Little Witch Nobeta review

by on March 9, 2023
Release Date

March 7, 2023


There are so many games out there where the main combat mechanic involves you shooting at enemies with guns. This does make sense when there are so many first and third person shooters released every year, but I love when games in these genres think outside the box. Little Witch Nobeta is one such game, replacing shotguns with magic spells and adding a sprinkle of Soulslike mechanics for good measure.

Our adorable witch protagonist is a determined little spellcaster with one goal in mind, to reach the throne of a mysterious castle. It’s not really obvious why she wants to do this, but along the way she meets an aloof talking cat who seems to want the same thing. Along the way she’ll have to deal with weird living dolls called Crafted Souls that seem to have some level of consciousness, which leads to some internal struggles for Nobeta. Honestly the story is pretty nonsensical for most of the game, but doesn’t detract from the gameplay.

Fighting creepy mannequins and shadows will be what you spend the bulk of your time doing in Little Witch Nobeta, and you do it by firing spells at the blighters. Your first weapon is an arcane spell that fires single shots, but before you know it you’ll have more powers like an icy blast that rapid fires like a machine gun and a flaming shotgun. Although there’s only four of them in total, they feel different enough that you won’t get bored of using them.

A screenshot of Little Witch Nobeta

As well as a regular fire option, each spell also has a charged attack you can unleash by chanting. It takes a while to fill the meter enough to ready these power attacks, but once you do the effects are awesome. When changed the ice spell that locks into multiple enemies once charged then automatically showers the targeted foes with chilly shrapnel, and the fire spell that unleashes a massive explosion is my personal favourite. It’s a clever mechanic, and means you’ll have to balance out the risk of charging with the reward of dealing a shed load of damage.

You won’t get to use these if you can’t avoid enemy attacks for long to charge them, so you’d better get used to using that dodge roll effectively. Once you realise that blasting enemies isn’t enough to survive in Little Witch Nobeta, the Souls side of the game starts to shine through a little. With handy invincibility frames to take advantage of, you’ll need to learn attack patterns and have fast reflexes if you want to make it to the throne.

A screenshot of Little Witch Nobeta

The other Soulslike aspect of Little Witch Nobeta are the Goddess Statues, which are essentially bonfires where you can save the game and level up using the essence you’ve collected from fallen foes. This is all thankfully very straightforward, but had plenty of options to upgrade Nobeta to suit your playstyle. You can power up HP to tank more hits, make charging your spells faster or just beef up your damage and take baddies down faster. Leveling up your stats is really satisfying, and helps make castle life easier.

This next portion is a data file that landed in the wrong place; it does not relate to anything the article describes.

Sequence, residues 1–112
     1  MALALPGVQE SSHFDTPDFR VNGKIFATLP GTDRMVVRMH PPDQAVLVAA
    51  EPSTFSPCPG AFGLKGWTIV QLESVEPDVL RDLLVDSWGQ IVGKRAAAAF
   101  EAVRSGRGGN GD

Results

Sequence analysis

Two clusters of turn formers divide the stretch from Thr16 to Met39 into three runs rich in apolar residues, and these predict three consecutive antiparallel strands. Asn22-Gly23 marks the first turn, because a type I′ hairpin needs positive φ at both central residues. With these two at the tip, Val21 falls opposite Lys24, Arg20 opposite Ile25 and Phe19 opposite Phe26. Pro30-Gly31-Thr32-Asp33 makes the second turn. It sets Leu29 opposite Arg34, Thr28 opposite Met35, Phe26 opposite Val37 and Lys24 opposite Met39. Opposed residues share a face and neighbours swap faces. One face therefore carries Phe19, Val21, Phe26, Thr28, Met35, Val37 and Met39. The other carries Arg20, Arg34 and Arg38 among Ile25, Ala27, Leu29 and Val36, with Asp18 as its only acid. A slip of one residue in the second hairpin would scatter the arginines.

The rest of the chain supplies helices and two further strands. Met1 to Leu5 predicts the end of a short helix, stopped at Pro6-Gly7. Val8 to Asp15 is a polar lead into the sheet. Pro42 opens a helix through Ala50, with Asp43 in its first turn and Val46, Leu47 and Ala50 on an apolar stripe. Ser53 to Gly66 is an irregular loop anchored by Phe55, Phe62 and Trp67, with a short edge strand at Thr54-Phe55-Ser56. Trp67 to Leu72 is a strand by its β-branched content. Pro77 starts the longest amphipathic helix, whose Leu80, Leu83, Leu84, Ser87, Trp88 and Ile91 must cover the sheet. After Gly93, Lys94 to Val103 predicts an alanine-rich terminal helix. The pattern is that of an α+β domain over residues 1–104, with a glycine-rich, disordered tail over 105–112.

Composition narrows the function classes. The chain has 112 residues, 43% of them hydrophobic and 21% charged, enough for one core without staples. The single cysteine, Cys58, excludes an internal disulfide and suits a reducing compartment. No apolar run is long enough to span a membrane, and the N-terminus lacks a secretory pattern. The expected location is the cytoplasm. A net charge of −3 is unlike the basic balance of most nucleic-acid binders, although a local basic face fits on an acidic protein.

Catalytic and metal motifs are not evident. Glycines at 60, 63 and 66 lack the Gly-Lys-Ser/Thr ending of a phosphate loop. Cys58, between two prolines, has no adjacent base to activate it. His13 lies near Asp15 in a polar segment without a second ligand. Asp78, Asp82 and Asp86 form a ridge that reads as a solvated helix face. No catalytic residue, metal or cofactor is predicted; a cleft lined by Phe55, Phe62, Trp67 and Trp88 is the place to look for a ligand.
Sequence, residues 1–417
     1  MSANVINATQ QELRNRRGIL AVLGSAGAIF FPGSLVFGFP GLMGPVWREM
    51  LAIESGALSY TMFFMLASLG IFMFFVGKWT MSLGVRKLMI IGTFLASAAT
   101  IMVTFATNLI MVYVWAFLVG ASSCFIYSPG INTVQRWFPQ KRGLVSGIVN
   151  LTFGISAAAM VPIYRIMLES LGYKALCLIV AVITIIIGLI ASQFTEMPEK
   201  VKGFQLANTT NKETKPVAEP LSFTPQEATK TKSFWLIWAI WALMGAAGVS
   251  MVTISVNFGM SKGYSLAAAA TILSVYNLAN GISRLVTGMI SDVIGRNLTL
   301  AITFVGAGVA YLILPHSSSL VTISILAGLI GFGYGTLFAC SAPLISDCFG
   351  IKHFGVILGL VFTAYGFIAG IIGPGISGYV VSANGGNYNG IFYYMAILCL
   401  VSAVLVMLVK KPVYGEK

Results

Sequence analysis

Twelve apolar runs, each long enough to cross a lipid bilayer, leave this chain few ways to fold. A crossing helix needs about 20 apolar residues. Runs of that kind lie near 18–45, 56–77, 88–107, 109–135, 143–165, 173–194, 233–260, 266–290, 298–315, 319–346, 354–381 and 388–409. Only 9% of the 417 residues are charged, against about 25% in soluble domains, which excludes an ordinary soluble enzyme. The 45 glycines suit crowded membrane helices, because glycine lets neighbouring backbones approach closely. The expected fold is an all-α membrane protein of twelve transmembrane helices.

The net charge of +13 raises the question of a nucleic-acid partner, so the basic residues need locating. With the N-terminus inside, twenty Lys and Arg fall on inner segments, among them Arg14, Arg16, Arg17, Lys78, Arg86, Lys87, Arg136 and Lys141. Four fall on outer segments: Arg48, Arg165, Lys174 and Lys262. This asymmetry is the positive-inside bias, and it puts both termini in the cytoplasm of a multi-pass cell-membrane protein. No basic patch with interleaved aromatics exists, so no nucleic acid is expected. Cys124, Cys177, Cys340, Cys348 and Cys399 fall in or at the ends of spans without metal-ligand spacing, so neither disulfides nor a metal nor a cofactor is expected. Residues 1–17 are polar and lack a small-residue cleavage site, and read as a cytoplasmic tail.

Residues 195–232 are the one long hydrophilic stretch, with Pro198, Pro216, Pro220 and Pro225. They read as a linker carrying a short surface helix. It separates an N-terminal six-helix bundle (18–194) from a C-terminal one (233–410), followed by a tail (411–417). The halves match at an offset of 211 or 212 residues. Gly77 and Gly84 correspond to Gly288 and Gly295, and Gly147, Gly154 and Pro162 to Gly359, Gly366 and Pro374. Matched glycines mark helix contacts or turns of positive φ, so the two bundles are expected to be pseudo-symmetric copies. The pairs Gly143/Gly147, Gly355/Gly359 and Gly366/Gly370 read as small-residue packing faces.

If you’re still struggling after leveling up, you’ll be happy to hear that there are some handy difficulty options available for all skill levels. The advanced difficulty will cater to veterans of the genre, but normal mode is much more forgiving and doesn’t expect you to handle some of the more brutal mechanics like curses and losing your essence when you die.

There are some parts of Little Witch Nobeta that are always punishing too, specifically some instant death moments. A lava level in particular has plenty of opportunity to fall into the fire for an immediate game over, and with certain enemies or even your own spells knocking you back it’s far too easy to fall to your doom. It just doesn’t feel particularly fair to lose so much over the tiniest of mistakes, and statues are often way too far apart for it to feel anything other than crushing.

A screenshot of Little Witch Nobeta

I should also mention the performance of the game on Switch, which is more than a little ropey. The framerate is never great, but if you get to a busy or particularly open area it really tanks. This isn’t really acceptable when you’re having to deal with a ton of enemies and potential instant death, and detracts from the game significantly.

Little Witch Nobeta blends third person shooting and souls mechanics to create a magical experience, but the Switch version of the game has some technical issues that make it harder to recommend. If you can get past some slightly unfair moments and the iffy framerate though (or better yet are able to play it on another platform) you’ll find a lot to love in this castle of creepy dolls.


Shooting spells is fun with just enough variety
The chanting mechanic is great
The difficulty selection offers great options for different players


Has some seriously unfair deaths
Run poorly on the Switch

Editor Rating
Our Score


In Short

Little Witch Nobeta is a fun blend of shooting and Souls mechanics, but the Switch port has some framerate issues